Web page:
Janet McGarvey was ahead of her time in founding such an organization. I have so appreciated the solid groundwork she laid, and how my role allows me to steep myself in collaborative projects with dynamic educators from across the state. This last month has been especially rich in that regard: despite very full plates, the Women in Leadership planning committee came together, deciding to change the name of our annual conference to Women+Leadership and beginning to outline our program for the day (January 25 in Los Angeles and January 29 in the Bay). Another highlight has been developing a completely new program, the Impact Lab Series, with Annie Makela, Founding Director of the Scott Center for Social Entrepreneurship at the Hillbrook School; Guybe Slangen, Director of Community Engagement at San Francisco Friends School; and Dan Meyers, Associate Head of School for Academics at Mercy High School. We will tell you more come August, but in the meantime, put September 26 on your calendar for our evening launch and networking event in San Francisco.
I would like to take this opportunity to thank you for participating in and supporting the work of the CATDC. I recognize the considerable investment of time and money this represents. Research confirms what we know in our hearts to be true: well-designed professional learning leads to higher student outcomes, so I trust that the impact of your involvement has been positive for your students and your schools.
And as you reflect on the past year and contemplate the year ahead, I hope that learning with the CATDC will be part of both what you decide to keep and to create . We still have space in several of our Summer Institutes, and the lineup of ongoing groups and fall intensives is rich indeed. I am also eager to hear your ideas for new programs.
I hope to see you at one of our upcoming events. We will take a break from publishing The Buzz in July, so let me also offer my best wishes for an enlightening and rejuvenating summer.
Why the Spectrum Matters
Guest Blog by Elizabeth Denevi, Gender Spectrum
When considering diversity and how it impacts academic achievement, many schools rely on binary thinking: the placement of girls vs. boys in higher level math and science classes or the number of Black students in a predominantly white school. While we certainly need to address the gender and racial inequities that still exist, we also need to complicate our thinking. Growing numbers of gender fluid  and multiracial students mean that our typical binaries of boy/girl and white/Black will not tell us the full picture. Identity development occurs over time and across contexts, and as we watch this generation of students move through our schools, we need tools that will embrace the range of identities that exist  between  our traditional binaries.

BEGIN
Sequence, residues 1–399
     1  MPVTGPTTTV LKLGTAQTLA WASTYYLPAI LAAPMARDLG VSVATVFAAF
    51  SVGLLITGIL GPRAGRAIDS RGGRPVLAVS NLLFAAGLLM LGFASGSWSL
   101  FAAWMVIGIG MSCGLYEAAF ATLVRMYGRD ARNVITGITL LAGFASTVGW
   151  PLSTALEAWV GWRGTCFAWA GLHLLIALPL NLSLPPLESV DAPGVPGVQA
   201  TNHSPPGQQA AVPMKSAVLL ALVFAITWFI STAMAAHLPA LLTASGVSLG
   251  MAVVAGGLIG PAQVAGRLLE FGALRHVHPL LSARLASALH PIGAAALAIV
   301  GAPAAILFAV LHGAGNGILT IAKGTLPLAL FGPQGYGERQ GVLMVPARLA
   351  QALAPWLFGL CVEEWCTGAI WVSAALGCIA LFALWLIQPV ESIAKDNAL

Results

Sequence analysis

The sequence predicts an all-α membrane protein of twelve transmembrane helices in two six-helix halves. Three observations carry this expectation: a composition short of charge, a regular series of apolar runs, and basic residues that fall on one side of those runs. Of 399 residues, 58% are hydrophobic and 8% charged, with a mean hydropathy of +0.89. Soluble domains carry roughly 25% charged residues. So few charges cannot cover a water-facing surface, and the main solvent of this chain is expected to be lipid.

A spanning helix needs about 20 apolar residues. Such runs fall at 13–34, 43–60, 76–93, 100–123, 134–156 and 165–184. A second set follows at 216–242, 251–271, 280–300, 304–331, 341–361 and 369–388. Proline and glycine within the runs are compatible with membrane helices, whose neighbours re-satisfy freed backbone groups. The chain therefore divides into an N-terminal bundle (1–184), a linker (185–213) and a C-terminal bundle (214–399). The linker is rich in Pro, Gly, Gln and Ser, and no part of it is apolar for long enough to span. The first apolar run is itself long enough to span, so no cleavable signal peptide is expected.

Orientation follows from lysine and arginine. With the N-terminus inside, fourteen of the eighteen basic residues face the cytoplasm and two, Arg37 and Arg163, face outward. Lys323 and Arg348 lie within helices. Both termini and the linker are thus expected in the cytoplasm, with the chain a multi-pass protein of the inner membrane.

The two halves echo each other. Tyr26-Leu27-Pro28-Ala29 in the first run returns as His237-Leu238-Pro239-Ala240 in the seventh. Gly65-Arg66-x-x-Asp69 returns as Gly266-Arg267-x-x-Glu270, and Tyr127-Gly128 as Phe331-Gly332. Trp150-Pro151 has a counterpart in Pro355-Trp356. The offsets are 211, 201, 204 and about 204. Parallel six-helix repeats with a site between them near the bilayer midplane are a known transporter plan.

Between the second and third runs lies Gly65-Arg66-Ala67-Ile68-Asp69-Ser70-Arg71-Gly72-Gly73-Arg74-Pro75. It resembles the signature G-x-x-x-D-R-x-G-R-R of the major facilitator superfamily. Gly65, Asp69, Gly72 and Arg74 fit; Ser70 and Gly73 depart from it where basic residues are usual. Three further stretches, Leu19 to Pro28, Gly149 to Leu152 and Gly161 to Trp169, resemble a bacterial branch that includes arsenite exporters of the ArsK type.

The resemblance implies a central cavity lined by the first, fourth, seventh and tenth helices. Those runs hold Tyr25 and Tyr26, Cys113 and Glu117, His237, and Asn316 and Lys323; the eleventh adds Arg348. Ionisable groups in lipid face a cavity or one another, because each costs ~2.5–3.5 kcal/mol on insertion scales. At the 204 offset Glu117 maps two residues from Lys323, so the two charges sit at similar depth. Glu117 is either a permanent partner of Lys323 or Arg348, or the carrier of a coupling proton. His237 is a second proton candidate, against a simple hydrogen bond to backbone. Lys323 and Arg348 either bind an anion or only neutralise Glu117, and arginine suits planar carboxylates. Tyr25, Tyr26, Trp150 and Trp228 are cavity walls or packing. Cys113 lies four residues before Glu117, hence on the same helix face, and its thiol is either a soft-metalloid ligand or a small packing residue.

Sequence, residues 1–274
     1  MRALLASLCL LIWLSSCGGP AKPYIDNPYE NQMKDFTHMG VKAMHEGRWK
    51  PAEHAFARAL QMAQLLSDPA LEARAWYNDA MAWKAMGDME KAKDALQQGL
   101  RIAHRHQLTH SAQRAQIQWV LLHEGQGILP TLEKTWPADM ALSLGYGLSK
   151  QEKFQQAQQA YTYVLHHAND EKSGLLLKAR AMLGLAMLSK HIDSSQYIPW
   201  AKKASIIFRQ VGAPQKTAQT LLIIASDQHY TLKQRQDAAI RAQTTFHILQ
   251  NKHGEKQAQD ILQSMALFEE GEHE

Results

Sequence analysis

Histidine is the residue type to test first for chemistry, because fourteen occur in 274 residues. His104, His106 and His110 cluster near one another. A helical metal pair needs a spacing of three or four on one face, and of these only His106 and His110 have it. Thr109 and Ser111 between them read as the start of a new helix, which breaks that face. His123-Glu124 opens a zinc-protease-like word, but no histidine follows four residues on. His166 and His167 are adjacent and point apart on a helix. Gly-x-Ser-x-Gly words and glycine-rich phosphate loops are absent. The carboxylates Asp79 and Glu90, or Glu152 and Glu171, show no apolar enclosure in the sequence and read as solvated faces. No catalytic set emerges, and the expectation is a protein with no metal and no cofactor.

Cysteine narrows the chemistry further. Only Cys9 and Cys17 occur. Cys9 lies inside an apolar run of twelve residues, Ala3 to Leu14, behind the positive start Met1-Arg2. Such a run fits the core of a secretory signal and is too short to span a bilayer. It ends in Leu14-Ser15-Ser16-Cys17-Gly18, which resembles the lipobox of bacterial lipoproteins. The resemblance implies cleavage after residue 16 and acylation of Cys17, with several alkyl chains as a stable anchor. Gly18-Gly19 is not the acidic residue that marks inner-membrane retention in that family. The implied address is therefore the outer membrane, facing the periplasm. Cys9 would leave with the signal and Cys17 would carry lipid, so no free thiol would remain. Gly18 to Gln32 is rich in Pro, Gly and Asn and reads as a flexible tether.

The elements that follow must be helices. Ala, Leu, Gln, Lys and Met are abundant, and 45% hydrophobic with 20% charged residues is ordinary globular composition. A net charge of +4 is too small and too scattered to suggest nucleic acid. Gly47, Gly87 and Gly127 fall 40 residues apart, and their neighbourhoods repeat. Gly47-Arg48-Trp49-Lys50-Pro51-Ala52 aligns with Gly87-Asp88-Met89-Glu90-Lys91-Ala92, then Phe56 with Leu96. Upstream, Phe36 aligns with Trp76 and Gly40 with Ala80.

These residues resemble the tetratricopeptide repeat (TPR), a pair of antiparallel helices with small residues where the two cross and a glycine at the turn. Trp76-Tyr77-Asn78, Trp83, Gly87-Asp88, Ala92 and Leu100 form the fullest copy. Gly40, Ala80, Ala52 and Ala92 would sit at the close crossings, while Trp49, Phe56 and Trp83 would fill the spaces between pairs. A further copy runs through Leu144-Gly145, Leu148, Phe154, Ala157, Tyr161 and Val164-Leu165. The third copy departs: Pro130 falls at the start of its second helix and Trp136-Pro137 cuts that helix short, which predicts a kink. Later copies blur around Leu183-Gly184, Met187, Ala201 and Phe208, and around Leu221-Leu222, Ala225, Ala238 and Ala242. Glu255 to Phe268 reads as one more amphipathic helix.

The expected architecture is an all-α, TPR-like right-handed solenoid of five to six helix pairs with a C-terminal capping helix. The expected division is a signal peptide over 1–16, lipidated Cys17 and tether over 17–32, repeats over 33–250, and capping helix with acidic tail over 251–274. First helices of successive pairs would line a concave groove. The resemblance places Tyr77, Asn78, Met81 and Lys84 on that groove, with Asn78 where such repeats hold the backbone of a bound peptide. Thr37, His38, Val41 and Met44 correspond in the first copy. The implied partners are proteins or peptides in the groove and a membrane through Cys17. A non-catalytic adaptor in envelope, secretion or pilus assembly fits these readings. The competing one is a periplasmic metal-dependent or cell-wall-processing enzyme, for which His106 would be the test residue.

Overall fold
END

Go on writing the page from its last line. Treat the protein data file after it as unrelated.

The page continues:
Equity as Excellence  is a unique professional development space in that we seek to help educators become "diversity responsive," able to address any issues of difference that impact teaching and learning (Hawley & Wolf, 2012).
Taking Off This Summer
By Lori Cohen, The Bay School of San Francisco
As our school years finally end, and as we wrap up our culminating meetings in preparation for a quieter summer, I'm reminded of this powerful internal tool that allows us to recharge these next couple of months: the off-switch.
For teachers, the off-switch may be an easier sell. Time away from school will allow teachers to downshift from the higher-octane part of themselves-planning lessons, developing curriculum, managing students' needs, building and maintaining classroom culture, promoting equity and cultural responsiveness to give all students access. If anything, this time of year reminds us there's a reason teachers need time away from work before they begin again in August: this profession, while rewarding, also is exhausting, and in order to keep pace with "on" months, teachers need that time off for personal care and professional recharging-time to choose how to spend their days and what they most need to focus on. Time off is not the luxury most outside the teaching profession believe it is; it's a necessity.
Read online...
Cultivating the Leadership Seed: My Journey with the CATDC
By Kalyan A. Balaven, The Athenian School
Leadership Fellows gave us invaluable theory, but also the opportunity to practice. Beyond the reading of resumes and specific advice on cover letters given to each of us by Reveta and Debbie, the true validation of this cohort was in the fact that in our last reflective session, we learned that for many of us, the seeds within us had been nurtured so deeply that we were actually moving into roles of greater leadership, growing nearer to our goal of headship.
Divine Direction led me to open the CATDC door in the first place. And my mother provided the reason why I walked in her educational footsteps at all. But it was Leadership Fellows that helped me to see it. Surrounded by like-minded peers, and coached by experienced stalwarts in educational leadership, I was cultivated by the Leadership Fellows to discover what my inner-seed needed and given the nutrients that helped me to grow into the leader I dreamed I'd become.
Summer Reading List: Emotional Resilience, Deep Learning, and Culturally Responsive Teaching
Check out the CATDC's recommended summer reading list in the areas of leadership, social and emotional learning, equity and inclusion, and curriculum and pedagogy. You will find resources that promote collaborative and equitable schools, and practical strategies to help build capacity in leadership and innovation. We hope you all have a restorative and inspired summer and look forward to seeing many of you at a CATDC  Summer Institute.